Some Tennessee Representatives and Senators seem hellbent on promoting a never- ending stream of bills that serve one purpose, to make the lives of registrants miserable.
There are several state representatives in particular that concoct a constant barrage of new bills aimed specifically at “sex offenders”, bills that appear to be the “bread and butter” of these “representatives of the people.” If they’ve made it their life’s mission to deny any humanity, any shred of dignity to registrants, they’re doing a fine job.
Perhaps they reason, this is what gets them re-elected. They are modern-day snake-oil salesmen, instead of selling the towns folk magical elixirs that will treat anything from warts to consumption, they sell their “Sex Offender” bills to the public. “Sex” sells. “Sex Offender” garners attention, especially in the bible-belt south. Their shtick is the guarantee that their bill will “keep everyone safer”, when in reality, like the snake-oil salesman, it’s just a line to win over the towns people or in this case, a guarantee of votes for the next election.
Recently I came across TN HB2221/ Rep. W. Lamberth and SB2152/ Senator J. Johnson and couldn’t help but wonder, WHY?
WHY put forth a bill that prohibits a group of people, those convicted of a sexual offense, from being eligible for an alternative to incarceration? Aren’t alternatives to prison, good? Isn’t that what the “representatives of the people” should be striving for, ways to keep our prison population to a minimum, ways to reintegrate people back into society early, ways to control the sky-rocketing costs of incarceration? Isn’t that the reason these people were elected, to do good things, the right things, for all of us?
Under present TN law, an offender who meets all of the following minimum criteria is considered eligible for “punishment” in the community. A) Persons who without this option, would be incarcerated in a correctional institution. B) Persons convicted of property-related or drug/alcohol related felonies or other felonies not involving crimes against the person as provided in title 39, chapter 13, parts 1-5 (which includes assaultive offenses, criminal homicide, kidnapping, false imprisonment, robbery and sexual offenses.) C) Persons convicted of nonviolent felony offenses. D) Persons convicted of felony offenses in which the use or possession of a weapon was not involved. E) Persons who don’t demonstrate a present or past pattern of behavior including violence. F) Persons who do not demonstrate a pattern of committing violent offenses.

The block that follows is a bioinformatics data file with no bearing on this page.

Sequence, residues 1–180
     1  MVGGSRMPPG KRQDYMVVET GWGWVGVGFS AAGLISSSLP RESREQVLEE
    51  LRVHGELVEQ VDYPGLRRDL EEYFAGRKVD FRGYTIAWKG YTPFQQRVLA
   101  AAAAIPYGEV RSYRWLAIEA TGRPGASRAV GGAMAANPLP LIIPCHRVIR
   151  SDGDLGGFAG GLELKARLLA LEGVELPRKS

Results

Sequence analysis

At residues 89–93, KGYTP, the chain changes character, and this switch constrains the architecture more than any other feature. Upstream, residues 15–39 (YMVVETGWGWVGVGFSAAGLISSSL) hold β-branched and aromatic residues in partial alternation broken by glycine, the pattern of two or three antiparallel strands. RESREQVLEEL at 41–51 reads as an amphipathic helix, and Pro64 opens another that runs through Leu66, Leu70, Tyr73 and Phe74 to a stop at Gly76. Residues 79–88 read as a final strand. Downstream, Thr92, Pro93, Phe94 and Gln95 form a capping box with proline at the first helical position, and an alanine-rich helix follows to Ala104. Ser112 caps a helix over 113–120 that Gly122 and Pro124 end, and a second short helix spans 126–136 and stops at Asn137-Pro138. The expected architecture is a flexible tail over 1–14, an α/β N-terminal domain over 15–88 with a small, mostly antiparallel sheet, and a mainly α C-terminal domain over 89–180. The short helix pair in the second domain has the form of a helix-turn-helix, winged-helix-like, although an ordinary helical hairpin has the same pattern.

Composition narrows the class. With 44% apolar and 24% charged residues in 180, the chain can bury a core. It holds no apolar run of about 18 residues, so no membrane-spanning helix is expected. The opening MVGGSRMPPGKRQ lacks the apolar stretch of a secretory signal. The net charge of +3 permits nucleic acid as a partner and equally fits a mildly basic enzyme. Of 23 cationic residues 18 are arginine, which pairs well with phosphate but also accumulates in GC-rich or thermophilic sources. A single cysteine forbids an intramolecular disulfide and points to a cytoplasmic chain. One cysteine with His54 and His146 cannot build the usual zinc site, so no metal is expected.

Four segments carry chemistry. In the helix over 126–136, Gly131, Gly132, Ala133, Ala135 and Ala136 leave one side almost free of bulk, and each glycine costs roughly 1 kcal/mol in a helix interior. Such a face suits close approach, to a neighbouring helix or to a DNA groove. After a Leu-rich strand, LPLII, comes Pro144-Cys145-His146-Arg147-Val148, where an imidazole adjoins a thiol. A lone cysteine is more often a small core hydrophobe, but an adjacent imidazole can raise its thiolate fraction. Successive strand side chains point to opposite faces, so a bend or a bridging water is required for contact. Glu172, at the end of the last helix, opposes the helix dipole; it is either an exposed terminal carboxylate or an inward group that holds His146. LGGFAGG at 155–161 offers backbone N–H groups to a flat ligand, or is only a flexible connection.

Lamberth and Johnson’s bill adds, that to be eligible, the person must: ) Not be convicted of a sexual offense under title 39 , chapter 13, part 5, 2) Not meet the definition of a sex offender or violent sex offender under the Sexual Offender and Violent Sexual Offender Registration, Verification and Tracking Act and, 3) Not be required to serve a sentence of community supervision for life under the present law (which are persons convicted of rape, aggravated rape, aggravated sexual battery, rape of a child or aggravated rape of a child.)
Perhaps if these stereotypical good old boy “representatives of the people” only proposed bills like this once or twice during the course of their careers, I could forgive their ignorance in not knowing that those accused of sex offenses have a low re-offense rate or that comparing the terms “sex offender” and “violent sex offender” is comparing apples and oranges. That the very definition of “sex offender” has expanded to include offenses that have nothing to do with sex and that a sentence of community supervision for life should “include” not “exclude” those in the community.
Unfortunately for Tennesseans, these select few elected representatives seem focused on continuously presenting bills aimed at making life for anyone convicted of a “sex offense” as difficult as humanly possible. Their snake-oil salesmanship would have you believe that they are the healers, that their bills will benefit and protection their constituents. Like the registry, there’s no truth behind their misrepresentations that bills of this sort make anyone safer. These modern-day snake oil salesmen are slick, their proposed bills peppered with catch-words like “violent sex offender, assault and rape”, words that are sure to elicit fear and garner the immediate support of their peers. And to their credit, this tactic must work, because as often happens, when bills like this reach the Tennessee Senate, representative don’t ask questions, the votes are all “Ayes”, and the bills are passed.
I can’t help but wonder?
What underlying issues do these representatives have that make them seem to despise all registrants? What kind of sick, twisted pleasure do they get from constantly proposing bills that vilify an entire group of individuals? Yes, individuals. Each having a separate offense, not all the same, not to be lumped together and automatically excluded because they’ve all been broad- brushed with a “sex offender” label.
What’s made these “representatives of the people” so vindictive?
Need I say more?